Poor Things Alisdair Gray

Poor ThingsWeather reports show that 29th June 1882 was abnormally hot and sultry. At sunset most Glaswegians were disturbed by a noise whose cause was discussed in the local press through the following fortnight. Most folk assumed it has an industrial origin and came from very far away. At Saracen Cross in the north-west folk though that something had exploded at Parkhead Forge; around Parkhead to the south-east it was thought a disaster in the Saracen Head Ornamental, Hygienic and Sanitary Iron Works. In Govan to the south-west folk thought a new kind of steam whistle was being tested in the north-east locomotive works; in the north-east it was assumed that a boiler had burst in a ship on Clydeside. A scientific correspondent in The Glasgow Herald said the phenomenon had been “more like an electrical shock than a noise”, and perhaps had “a meteorological source in an abnormal weather condition combining with fumes in the atmosphere”. A humorous periodical called The Bailie pointed out that the West End Park and University were at the centre of the area over which the noise was heard, and suggested that Professor Thomson was experimenting with a new kind of telegraph which went through air instead of through wires. A final facetious letter in The Scotsman (an Edinburgh journal) suggested that a Glasgow tinker had been playing a new kind of bagpipe. In Episodes From The Early Life of a Scottish Public Health Officer, an autobiography found in a box of legal papers being destroyed by a Glasgow law firm and handed over to Alisdair Gray, the late Archibald McCandles testifies the following:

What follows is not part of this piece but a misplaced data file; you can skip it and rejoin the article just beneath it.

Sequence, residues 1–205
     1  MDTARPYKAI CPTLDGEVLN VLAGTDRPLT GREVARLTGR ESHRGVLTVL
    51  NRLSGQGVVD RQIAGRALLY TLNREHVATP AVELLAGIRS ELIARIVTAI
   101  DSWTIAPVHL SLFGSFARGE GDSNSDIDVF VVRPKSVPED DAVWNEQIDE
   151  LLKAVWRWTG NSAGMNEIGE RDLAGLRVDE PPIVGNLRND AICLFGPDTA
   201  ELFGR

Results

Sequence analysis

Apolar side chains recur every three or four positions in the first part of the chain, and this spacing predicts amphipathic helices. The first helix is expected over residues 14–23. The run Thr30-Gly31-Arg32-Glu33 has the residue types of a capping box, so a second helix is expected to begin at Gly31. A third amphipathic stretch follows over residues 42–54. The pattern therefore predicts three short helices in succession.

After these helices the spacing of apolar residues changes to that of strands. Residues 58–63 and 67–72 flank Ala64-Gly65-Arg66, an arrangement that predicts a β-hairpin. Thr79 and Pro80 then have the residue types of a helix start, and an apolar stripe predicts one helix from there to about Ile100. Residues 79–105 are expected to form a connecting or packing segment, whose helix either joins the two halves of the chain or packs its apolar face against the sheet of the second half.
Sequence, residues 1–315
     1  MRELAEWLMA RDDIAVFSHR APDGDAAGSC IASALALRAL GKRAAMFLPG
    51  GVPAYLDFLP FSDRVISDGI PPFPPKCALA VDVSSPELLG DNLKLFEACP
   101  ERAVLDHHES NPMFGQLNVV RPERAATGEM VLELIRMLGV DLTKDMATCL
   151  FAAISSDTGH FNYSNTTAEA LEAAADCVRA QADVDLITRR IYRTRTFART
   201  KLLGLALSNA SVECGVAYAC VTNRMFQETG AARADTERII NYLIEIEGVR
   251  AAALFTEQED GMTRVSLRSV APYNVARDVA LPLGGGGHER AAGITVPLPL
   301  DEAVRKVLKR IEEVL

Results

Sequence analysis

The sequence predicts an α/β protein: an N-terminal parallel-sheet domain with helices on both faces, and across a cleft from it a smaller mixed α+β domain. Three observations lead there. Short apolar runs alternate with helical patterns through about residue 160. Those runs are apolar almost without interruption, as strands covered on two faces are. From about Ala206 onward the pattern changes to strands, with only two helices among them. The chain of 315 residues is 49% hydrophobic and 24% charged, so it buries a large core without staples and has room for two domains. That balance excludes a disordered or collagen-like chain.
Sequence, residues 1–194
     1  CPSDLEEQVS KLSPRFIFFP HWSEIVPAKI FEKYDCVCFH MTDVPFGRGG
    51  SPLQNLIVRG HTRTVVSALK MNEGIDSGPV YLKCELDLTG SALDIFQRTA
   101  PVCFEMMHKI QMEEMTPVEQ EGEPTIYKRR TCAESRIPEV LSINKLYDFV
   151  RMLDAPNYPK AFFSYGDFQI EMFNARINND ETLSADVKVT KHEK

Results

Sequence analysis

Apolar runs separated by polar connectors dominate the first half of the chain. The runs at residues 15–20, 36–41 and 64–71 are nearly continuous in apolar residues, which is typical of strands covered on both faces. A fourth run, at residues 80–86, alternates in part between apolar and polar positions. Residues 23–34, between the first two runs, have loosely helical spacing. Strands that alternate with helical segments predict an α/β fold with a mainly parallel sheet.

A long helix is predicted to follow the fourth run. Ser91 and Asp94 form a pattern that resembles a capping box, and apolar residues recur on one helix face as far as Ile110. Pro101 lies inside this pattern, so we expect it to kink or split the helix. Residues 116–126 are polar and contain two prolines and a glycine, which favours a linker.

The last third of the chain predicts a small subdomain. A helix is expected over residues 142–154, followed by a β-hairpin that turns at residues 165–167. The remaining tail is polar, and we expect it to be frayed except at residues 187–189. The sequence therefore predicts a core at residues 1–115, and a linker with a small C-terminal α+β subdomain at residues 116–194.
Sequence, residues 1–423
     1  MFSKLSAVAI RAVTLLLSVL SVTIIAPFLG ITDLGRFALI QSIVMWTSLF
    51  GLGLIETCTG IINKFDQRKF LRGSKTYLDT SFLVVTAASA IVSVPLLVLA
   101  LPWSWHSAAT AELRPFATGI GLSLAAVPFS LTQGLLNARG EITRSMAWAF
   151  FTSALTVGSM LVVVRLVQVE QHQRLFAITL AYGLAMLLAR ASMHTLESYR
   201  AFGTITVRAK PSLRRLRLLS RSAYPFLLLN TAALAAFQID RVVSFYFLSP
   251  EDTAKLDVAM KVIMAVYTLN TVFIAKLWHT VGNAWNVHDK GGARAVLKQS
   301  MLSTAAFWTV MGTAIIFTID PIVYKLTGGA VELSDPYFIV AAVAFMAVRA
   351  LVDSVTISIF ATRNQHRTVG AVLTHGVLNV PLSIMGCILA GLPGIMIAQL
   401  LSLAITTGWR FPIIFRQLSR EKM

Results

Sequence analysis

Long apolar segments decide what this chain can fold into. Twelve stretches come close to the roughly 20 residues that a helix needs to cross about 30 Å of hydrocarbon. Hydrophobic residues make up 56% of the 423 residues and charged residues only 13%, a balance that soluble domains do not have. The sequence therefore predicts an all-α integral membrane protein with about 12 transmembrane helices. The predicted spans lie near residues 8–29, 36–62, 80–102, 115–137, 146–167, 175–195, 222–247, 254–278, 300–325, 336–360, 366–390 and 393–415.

Then came the most terrifying experience of my life. The only part of Baxter which moved was his mouth. It slowly and silently opened into a round hole bigger than the original size of his head then grew larger still until his head vanished behind it. His body seemed to support a black, expanding, tooth-fringed cavity in the scarlet sunset behind him. When the scream came the whole sky seemed screaming. I had clapped my hands to my ears before this happened so did not faint as Bella did, but the single high-pitched note sounded everywhere and pierced the brain like a dental drill piercing a tooth without anaesthetic. I lost most of my senses during that scream. They returned so slowly that I never saw how Baxter came to be kneeling beside Bella’s body, beating the sides of his head with his fists and quivering with human-sounding sobs as he moaned in a husky baritone voice, “Forgive me Bella, forgive me for making you like this.”

She opened her eyes and said faintly, “What’s that supposed to mean? You aren’t our father which art in Heaven, God. What a silly fuss to make about nothing. Still, your voice has broken, there’s that to be grateful for. Help me up both of you.”

June 29th, 1882, was also the day Joseph Aloysius Hansom died. That is probably not related to any of the events described above.

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